A cycle of logical syllogisms takes readers from the title stipulation through a series of conclusions that ends at the beginning.
It’s hard to argue with the logic. “If you love honey, / Then you must love honey bees. // If you love honey bees, / It’s no wonder you love dandelions.” Each statement appears on a double-page spread accompanied by a related fact: bees must visit about 2 million flowers to produce a pound of honey, for instance. The chain of affection extends from dandelions to ladybugs to goldenrod to butterflies to clover to the soil to earthworms to mushrooms to oak trees to blue jays to blackberries and back to honeybees and honey. While some of the connections are a bit of a stretch, the short explanatory text generally explains the logic, and it is summarized in the backmatter. Morrison’s illustrations are crisp if a bit on the stiff side, and they include many details not mentioned in the text, such as a family of bears on a honey raid fleeing angry guard bees and a whole host of insects, amphibians, and other fauna that inhabit this bucolic environment. The beekeeper is assisted by an African-American child, who shares a picnic with her Caucasian friend, who provides the berries. Copious backmatter provides further information on pollination, honeybees and other beneficial insects, and flowers and seed spreaders, as well as activities and Web resources.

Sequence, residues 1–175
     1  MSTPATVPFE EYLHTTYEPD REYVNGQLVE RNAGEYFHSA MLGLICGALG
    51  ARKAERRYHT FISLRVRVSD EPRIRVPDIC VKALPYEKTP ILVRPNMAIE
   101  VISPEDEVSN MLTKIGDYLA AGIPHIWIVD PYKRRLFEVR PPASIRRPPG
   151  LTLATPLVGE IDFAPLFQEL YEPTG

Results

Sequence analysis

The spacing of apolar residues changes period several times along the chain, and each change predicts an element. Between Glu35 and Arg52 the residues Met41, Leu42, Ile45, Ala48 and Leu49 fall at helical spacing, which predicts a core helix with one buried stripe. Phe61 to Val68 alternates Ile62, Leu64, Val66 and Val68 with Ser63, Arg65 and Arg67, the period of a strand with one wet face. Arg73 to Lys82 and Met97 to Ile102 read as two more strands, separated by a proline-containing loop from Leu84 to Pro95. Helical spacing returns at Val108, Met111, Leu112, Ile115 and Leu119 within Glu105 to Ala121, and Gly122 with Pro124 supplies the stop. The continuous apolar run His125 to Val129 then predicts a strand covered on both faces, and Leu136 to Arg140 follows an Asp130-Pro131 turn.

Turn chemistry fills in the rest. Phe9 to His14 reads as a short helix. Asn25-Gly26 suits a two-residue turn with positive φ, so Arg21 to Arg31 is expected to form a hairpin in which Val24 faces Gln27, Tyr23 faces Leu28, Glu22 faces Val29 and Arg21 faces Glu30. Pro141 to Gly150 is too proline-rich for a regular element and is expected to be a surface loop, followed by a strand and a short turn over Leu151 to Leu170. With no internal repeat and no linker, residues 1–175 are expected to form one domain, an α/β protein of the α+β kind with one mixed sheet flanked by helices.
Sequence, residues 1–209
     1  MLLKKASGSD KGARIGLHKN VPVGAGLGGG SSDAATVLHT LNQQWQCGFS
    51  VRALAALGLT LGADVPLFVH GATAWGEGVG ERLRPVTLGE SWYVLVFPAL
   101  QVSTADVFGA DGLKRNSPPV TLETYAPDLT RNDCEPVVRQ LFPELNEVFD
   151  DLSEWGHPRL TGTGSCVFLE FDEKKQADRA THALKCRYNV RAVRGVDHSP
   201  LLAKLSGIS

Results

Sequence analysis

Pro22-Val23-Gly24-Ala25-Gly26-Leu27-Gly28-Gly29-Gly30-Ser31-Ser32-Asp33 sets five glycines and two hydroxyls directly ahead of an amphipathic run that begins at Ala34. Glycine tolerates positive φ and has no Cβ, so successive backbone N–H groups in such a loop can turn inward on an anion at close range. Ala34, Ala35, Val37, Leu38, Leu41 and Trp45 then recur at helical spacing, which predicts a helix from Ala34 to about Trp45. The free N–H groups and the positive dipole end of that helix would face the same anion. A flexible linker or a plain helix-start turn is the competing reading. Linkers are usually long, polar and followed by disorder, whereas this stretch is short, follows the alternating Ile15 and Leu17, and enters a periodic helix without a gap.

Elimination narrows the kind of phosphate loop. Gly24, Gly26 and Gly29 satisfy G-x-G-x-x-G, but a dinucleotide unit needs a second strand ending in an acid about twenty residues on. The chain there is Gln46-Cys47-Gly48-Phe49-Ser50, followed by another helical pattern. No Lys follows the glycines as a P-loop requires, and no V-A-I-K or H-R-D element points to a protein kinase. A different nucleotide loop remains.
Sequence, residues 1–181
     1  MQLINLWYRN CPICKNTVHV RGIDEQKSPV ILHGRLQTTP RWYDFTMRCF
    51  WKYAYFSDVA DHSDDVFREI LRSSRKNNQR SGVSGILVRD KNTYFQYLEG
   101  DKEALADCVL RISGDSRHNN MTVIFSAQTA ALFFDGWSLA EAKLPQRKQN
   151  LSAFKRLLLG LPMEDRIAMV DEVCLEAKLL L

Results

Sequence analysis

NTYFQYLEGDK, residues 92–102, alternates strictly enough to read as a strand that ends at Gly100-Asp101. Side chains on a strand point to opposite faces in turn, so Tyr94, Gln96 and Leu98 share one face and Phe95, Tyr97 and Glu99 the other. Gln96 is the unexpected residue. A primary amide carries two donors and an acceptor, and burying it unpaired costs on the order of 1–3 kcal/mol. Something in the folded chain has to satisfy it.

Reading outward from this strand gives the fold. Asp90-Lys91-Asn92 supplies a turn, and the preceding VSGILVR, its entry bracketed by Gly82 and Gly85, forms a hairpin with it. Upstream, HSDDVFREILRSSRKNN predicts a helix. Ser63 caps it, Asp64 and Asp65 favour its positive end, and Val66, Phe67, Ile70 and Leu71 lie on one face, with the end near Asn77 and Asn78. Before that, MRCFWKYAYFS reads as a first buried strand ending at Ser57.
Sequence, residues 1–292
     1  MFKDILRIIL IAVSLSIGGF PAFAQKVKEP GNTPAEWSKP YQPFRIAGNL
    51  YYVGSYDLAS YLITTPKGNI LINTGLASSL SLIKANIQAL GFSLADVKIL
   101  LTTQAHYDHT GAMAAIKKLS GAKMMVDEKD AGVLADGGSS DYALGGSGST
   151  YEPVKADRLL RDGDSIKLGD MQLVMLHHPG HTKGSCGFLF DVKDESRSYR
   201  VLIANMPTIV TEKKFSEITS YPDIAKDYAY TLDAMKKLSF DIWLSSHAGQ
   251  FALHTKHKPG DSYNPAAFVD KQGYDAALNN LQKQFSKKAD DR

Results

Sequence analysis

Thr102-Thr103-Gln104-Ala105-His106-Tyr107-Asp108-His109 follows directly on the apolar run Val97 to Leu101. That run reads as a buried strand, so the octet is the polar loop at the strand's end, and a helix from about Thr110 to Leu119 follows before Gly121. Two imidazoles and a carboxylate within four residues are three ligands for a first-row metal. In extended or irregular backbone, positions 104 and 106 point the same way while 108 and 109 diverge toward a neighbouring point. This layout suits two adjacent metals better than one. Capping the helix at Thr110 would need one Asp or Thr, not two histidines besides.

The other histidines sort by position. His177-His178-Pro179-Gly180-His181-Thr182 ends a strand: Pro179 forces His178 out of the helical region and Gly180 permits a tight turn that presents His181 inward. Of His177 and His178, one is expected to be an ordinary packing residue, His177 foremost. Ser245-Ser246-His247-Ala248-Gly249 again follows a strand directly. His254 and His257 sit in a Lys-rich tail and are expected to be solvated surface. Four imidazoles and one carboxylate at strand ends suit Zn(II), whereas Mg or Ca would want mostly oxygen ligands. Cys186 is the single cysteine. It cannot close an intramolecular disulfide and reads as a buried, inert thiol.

A neat look at connections many children can see in action. (Informational picture book. 5-8)